Coach Dave’s Playbook

This month, I want to share some thoughts and observations from a local solar conference. Each year, the Maryland-DC-Virginia Solar Energy Industries Association (MDV-SEIA), a group that represents manufacturers, installers, developers, and distributors of solar power, hosts its “Solar Focus” conference. Session topics range from federal solar policy to local training and employment initiatives. It was a great place to meet local solar professionals, advocates, and recognized leaders in the industry.

Below are a few notes from sessions that I attended. Overall, I learned a great deal at the event. I also noticed that a great majority of attendees looked and sounded alike (much like me, actually)—a reminder that we still have a lot of work to do to strengthen the solar industry through diversity and inclusiveness.

Solar plus storage

  • The solar industry is becoming increasingly reliant on energy storage for resiliency and improved system performance.
  • Solar and batteries make a natural pair. One of the most important functions of energy storage—meaning battery systems—is to provide backup power in the event of a power outage on the local electric grid. Historically, backup power for any kind of large building generally depends on diesel generators; batteries run without the same kind of polluting emissions and without the need for imported fuel.
  • The benefits and revenue opportunities for battery systems, however, extend far beyond providing backup power. Solar on its own can create headaches for utilities. For example, on cloudy days, the output of a given solar system will be much reduced from the same system’s output on a sunny day. Discharging—or using—a battery storage system on a cloudy day can "smooth" the variable power output that is inherent to solar systems, reducing stress on power generation equipment. Also, as more solar systems come online, rising voltages across a local power grid can trip up transformers; batteries can help absorb some of this extra voltage on the grid.
  • As utilities in some parts of the country seek to roll back solar-friendly policies like net metering, and given the unstable political environment (most notably the Section 201 trade case, which threatens to raise solar prices), conditions are ripe for rapid growth in the energy storage industry. In fact, some analysts are anticipating a 200% annual growth rate for the next 5 years.
  • Distributed battery systems are still relatively new to the marketplace. As our friends at AF Mensah discussed, it is critical to bring local officials (permitting departments, public utility commissions, etc.) to the table to learn and talk about the tremendous opportunities that this new technology has to offer.

Creating Inclusive Solar Policies and Programs

  • This session focused on the distinction between providing access to clean energy and the need to create employment in the clean energy industry for low-income communities and communities of color.
  • Crafting smart policies that enable low-income families to access solar should start by addressing challenges that exist, including: financing, physical siting issues (low-income families are more likely to rent and/or inhabit older housing stock), and cultural issues like values and education around clean energy.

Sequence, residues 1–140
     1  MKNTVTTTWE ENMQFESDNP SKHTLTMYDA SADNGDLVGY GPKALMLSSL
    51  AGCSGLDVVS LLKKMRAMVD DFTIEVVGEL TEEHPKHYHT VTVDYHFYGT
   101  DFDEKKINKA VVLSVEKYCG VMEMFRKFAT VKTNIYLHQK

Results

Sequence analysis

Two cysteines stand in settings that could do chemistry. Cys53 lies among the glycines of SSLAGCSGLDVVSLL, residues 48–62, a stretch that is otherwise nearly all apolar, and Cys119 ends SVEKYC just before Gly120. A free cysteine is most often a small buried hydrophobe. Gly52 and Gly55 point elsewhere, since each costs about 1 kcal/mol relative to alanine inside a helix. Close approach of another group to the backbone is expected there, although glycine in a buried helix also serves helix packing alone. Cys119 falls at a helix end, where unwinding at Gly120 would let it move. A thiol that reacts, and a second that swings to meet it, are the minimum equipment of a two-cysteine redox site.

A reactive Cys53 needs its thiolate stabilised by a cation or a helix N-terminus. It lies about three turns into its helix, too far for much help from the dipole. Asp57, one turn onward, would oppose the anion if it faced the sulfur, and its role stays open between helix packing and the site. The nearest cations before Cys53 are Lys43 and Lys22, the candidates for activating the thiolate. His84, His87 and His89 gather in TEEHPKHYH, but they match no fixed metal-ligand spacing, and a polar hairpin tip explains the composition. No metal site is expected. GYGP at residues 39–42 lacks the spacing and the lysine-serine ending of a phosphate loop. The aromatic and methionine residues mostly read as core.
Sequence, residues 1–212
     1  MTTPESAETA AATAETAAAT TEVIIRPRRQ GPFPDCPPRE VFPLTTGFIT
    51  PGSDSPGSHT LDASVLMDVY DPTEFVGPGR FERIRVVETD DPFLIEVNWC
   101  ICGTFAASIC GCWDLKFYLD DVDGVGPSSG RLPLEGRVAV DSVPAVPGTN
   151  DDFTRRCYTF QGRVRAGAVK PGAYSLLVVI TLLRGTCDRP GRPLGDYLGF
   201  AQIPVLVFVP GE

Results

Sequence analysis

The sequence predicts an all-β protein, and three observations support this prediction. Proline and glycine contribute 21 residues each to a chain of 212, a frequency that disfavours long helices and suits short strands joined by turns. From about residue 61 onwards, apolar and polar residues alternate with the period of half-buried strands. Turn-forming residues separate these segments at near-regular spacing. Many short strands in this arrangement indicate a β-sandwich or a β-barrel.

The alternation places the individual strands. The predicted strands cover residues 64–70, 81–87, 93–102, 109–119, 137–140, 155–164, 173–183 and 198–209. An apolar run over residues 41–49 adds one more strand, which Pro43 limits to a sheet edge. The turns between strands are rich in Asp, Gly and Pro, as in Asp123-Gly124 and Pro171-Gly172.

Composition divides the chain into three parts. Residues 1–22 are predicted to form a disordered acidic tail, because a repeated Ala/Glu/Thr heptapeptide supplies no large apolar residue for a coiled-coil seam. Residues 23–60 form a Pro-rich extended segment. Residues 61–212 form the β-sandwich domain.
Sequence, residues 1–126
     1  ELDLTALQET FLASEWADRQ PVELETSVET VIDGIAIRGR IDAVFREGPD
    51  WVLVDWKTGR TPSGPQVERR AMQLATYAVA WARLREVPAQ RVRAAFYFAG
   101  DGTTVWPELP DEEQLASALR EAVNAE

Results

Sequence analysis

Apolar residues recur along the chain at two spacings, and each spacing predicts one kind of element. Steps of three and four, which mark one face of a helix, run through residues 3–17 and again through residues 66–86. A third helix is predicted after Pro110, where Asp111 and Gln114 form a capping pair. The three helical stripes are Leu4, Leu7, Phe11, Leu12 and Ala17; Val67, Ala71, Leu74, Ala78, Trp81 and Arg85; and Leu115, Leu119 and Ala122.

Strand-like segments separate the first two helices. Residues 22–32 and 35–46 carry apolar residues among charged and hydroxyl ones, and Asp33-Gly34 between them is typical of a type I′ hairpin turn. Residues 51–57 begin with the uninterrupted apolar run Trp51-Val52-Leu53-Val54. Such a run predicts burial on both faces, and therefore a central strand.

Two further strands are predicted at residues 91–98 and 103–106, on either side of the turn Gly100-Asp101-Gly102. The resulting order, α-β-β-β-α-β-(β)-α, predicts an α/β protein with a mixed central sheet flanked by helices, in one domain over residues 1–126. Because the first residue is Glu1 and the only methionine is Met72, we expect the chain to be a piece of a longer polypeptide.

• Maryland has designed for a low and moderate income (LMI) “carve-out” within the state’s pilot community solar program, but the state has not designated additional resources to support financing for this category of projects. Because the cost of capital is higher for financing LMI projects, state support could significantly benefit LMI project development.
  • Our friends at GRID Alternatives described how their relationships with affordable housing providers enable them to obtain low- or no-interest loans, as well as various tax credits that they can leverage as part of a building rehabilitation or upgrade.
  • On the employment front, the panelists spoke to the important of developing both “hard” (i.e., technical) and “soft” skills (timeliness, conflict resolution, etc.) for trainees in the solar industry.
  • Given the strength of the solar market here in DC, many developers in Maryland and Virginia are bringing trainees to DC to learn on the job.

Community Solar in the Mid-Atlantic

  • At the current time, 14 states and the District of Columbia have implemented community solar programs and policies.
  • Criteria that make for a strong community solar program include:
    • Access to a broad group of consumers (regardless of income level and geographic factors)
    • Tangible benefits on customer utility bills
    • Flexible business models
    • Competition among project developers
  • Subscribers to community solar projects can be commercial or residential, depending on the jurisdiction. For example, in Massachusetts, 50% of community solar off-take must be small customers (residential or small businesses); the remaining subscriptions can be larger commercial offtakers. Having a portion of off-take dedicated to commercial customers can be helpful from a financing perspective, as these customers are perceived to be more credit-worthy.
  • Illinois and Rhode Island have emerging markets for community solar, as does New Jersey.
  • Community solar should not be just another form of retail electric choice. It is important to work with the community from the beginning of the process and involve neighborhood leaders, City Council members, and others at community meetings so that everyone has a stake in the process.